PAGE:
A friend of mine sent me an article about a farm fire and asked if such experiences are common. This set me to thinking about such things. I remember a fire at a neighbour’s when I was still at school, but in the livestock areas now, with more silage than hay being made, fires are far less common. Across in the arable areas they’re both more professional with their grain storage, and keep straw outside, so there’s less fires there as well. Indeed I did wonder what proportion of farm fires are arson?
I remember reading of one farmer on the urban fringe. They had one big field next to a housing estate. Basically they went in with a combine fitted with a metal detector in the morning and followed it with the baler, aiming to clear the field by dark. Anything left in the field overnight, be it grain, straw or even machinery, was just burned by the locals. One day as they were working they discovered a child sitting surrounded by straw and boxes of matches trying to set fire to it. After long experience they just hand them over to the police, if you give them to their parents they’ve just back twenty minutes later with more matches.
A few years ago there was another article in the farming press. A chap had won a scholarship to study urban fringe vandalism and its effects on agriculture. He discovered to his shock that it was an entirely UK phenomena. On the continent they didn’t even have the concept.
Since then I’ve talked to people who’ve worked in the urban fringe. One rep from a agricultural supply company had taken a demotion to move to Cumbria and he talked of his time in his previous patch. To survive farms had virtually become fortresses. You phoned ahead to tell the farmer you were coming. The farmer would phone your boss to make sure you were a legitimate rep sent by the company. He parked his car at one farm (outside the yard, in a lay by.) The yard gate was locked but there was a narrow gate for pedestrian access. You walked through the gate and walked along the white dotted line. If you stuck to the line the chained guard dogs couldn’t get you.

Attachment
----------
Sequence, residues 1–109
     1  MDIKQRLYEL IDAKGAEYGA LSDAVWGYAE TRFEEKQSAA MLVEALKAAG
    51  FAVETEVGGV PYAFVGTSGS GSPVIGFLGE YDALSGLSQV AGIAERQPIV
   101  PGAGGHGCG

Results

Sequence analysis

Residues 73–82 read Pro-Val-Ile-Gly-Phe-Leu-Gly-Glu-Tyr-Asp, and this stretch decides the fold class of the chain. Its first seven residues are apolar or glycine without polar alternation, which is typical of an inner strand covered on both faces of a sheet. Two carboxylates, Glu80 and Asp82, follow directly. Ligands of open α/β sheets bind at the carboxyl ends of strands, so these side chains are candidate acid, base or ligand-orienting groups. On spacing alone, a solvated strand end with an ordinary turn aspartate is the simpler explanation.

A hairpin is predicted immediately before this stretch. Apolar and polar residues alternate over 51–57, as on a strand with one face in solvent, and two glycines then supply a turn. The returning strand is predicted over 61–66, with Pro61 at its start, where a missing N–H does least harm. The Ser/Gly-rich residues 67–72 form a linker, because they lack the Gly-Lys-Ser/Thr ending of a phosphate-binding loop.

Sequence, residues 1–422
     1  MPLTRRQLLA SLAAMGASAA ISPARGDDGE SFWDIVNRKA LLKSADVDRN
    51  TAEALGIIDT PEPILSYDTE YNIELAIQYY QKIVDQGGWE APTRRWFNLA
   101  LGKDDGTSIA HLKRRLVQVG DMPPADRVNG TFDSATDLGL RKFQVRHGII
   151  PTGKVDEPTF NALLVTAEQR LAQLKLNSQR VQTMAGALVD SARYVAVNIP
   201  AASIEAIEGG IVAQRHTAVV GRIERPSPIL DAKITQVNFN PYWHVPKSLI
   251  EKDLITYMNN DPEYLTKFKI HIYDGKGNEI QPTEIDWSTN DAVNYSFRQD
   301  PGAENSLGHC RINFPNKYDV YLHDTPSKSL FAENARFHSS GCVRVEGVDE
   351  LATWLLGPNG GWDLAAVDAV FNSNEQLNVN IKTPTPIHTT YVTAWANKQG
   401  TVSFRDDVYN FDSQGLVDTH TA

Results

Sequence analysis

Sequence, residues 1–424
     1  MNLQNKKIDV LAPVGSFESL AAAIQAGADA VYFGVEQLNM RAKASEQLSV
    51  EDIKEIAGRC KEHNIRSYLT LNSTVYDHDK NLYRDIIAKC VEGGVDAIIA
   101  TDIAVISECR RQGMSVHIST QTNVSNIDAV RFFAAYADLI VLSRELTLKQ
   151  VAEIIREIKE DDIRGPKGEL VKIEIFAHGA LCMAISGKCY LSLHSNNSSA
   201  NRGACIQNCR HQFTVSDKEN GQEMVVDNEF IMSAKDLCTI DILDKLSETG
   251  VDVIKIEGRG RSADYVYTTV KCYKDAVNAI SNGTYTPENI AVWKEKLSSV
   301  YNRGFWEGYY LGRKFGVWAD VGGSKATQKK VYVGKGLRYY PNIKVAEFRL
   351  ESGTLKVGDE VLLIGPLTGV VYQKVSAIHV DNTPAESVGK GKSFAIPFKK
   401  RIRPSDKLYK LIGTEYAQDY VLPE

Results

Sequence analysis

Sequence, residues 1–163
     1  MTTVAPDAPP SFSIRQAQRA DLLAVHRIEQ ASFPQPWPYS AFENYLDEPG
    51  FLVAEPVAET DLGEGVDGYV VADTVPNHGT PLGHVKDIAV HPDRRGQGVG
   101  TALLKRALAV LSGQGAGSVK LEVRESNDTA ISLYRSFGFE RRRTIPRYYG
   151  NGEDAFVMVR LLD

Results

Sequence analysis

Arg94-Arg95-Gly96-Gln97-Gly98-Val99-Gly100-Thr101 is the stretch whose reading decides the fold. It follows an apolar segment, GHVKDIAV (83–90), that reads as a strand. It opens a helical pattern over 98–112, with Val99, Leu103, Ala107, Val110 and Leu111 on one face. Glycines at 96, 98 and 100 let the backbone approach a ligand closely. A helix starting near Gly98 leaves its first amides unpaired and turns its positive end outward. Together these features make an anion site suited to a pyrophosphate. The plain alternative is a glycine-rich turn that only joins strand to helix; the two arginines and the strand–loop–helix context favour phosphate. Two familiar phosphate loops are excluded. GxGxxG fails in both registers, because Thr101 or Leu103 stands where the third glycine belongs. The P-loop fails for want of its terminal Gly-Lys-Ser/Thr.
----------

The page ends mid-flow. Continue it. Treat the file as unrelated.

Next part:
As far as he could tell the problem really arises where sink estates have been built on the edge of cities and have then been used as dumping grounds by the local authorities. It’s very localised, but where it happens it’s a nightmare for anybody trying to make a living.
I was talking to somebody who worked for the environment agency on river work. He had worked in these areas. He told me about one farmer who had been working in his yard and had looked across a field to see his cattle running in panic. A group of youths in a boat on the canal were shooting at them with air rifles.
He drove his vehicle, similar to the one in the picture, down to the canal, extended the boom and dropped the entire load of thick shit onto the boat, sinking it.
Obviously there were inevitable repercussions. The environment agency turned up. As it was the farmer had managed to pull the boat out of the water without causing any real pollution, so they sympathised with him and suggested that next time he just use a big concrete block or a couple of anvils welded together, so they’d sink the boat but not cause problems to the river.